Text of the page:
Consider the things that could've gone wrong. Perhaps Bin Laden wasn't there after all. Think of the embarrassment and explaining that would've been required to the Pakistani Gov't. Or, what if it failed for some other reason and soldiers were injured, killed or captured? The blame would've fallen directly on Obama. This choice of a ground attack carried grave risks if anything went wrong. Fortunately, it didn't. Other than the helo crashing, with no injuries, the operation seems to have gone off without a hitch. 

  This is a classic example of leadership. Choosing the safest path, may have been the most politically prudent. It was not chosen because Obama wasn't shaping the operation to fit his political needs. 

  Seal team six performed admirably. The mission was a success. They are not the guys you want dropping in to see you in the middle of the night. 

  I, me, we, etc...

  I've reviewed the text of the speech several times and counted the actual uses of the various words above. 

"I" was used 7 times...

"my" was used 7 times...

"we" was used 40 times...

 What was he supposed to say when "I" or "me" were the right words to say?  This is a perfect example of noise. When someone resorts to auditing the number of times various words are being used, its basically an epic fail. Its a disgrace. Its a shame when people we know to sincerely love this Country resort to spreading these kind of silly claims. It happens over and over again, regardless of who's President. Regardless of party. Its petty.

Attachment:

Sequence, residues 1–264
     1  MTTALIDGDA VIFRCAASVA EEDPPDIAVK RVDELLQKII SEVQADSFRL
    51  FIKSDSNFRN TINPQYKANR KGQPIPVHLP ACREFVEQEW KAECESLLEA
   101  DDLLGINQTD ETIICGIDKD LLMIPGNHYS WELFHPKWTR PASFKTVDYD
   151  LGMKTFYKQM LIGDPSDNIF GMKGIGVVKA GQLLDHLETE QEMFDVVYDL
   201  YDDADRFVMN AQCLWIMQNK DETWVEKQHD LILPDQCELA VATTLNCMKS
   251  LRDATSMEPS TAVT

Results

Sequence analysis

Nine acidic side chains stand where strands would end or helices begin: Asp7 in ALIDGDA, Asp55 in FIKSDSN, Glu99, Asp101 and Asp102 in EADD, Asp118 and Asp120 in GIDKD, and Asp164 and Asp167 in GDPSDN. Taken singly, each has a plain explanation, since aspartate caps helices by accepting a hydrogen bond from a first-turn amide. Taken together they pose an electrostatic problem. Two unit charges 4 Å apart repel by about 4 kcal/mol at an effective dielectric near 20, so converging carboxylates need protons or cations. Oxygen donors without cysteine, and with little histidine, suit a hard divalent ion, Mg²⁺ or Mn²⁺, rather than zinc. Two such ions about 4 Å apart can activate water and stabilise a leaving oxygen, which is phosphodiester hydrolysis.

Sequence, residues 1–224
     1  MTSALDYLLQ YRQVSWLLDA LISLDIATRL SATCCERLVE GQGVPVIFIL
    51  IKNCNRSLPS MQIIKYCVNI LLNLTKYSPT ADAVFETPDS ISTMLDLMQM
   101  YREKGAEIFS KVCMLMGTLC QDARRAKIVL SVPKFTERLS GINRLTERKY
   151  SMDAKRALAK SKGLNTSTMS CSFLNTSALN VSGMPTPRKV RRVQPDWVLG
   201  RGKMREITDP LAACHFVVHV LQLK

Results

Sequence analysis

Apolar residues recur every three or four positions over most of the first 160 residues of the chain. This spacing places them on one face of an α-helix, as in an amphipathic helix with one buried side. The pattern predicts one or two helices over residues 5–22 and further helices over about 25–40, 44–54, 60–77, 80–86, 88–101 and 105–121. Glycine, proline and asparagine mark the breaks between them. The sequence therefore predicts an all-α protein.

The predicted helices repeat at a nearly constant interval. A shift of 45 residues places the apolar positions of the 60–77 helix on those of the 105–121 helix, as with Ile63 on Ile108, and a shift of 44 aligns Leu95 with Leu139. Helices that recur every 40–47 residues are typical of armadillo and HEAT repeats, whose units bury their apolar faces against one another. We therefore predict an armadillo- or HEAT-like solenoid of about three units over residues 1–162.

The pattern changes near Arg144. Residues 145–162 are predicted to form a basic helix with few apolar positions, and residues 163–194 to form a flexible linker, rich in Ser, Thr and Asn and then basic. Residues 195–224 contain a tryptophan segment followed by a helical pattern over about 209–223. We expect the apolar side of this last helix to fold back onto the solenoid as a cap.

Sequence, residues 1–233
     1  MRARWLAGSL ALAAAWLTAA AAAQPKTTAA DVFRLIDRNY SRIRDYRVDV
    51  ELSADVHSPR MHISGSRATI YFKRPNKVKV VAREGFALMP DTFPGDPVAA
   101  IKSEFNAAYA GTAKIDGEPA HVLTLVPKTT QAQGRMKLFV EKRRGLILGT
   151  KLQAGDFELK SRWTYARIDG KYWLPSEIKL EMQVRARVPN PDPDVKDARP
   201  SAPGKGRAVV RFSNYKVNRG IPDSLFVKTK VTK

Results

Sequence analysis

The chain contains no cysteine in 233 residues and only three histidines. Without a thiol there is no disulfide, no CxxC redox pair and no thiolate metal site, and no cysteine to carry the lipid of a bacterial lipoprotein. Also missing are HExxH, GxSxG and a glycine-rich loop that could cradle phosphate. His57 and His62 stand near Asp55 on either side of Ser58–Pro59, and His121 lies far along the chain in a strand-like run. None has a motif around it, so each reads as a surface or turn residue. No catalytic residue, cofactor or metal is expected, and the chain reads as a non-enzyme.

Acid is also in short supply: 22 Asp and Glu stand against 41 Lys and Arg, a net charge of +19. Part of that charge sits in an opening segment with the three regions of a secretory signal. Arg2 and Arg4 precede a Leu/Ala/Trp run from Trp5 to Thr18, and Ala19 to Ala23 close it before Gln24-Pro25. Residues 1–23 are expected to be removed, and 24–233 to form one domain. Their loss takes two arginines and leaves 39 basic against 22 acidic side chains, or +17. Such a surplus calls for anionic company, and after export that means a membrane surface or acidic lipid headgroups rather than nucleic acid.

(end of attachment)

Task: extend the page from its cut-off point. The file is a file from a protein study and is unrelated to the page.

I fail to find where in the speech from Sunday that President Obama pats himself on the back. He thanked the intelligence community, the soldiers who carried out the mission, and offered acknowledgements to the families of the 9/11 victims. 

  If someone can show me where he took a personal victory lap, I'd appreciate it. 

  Our President supported the continued pursuit of OBL. He could've called off the dogs anytime, but in fact, it was one of the earliest things he ordered upon taking office. It was a "top priority." When presented with recommendations, he considered each and made a decision within a day.    Had he chosen a different path, the outcomes could've been different. Hindsight being 20/20, it does appear he made precisely the correct call. To say President Obama deserves zero credit for his part in the operation is unfair. He played an important part in sustaining the hunt for OBL, and apparently making the correct choice when it came to deciding how it all should go down.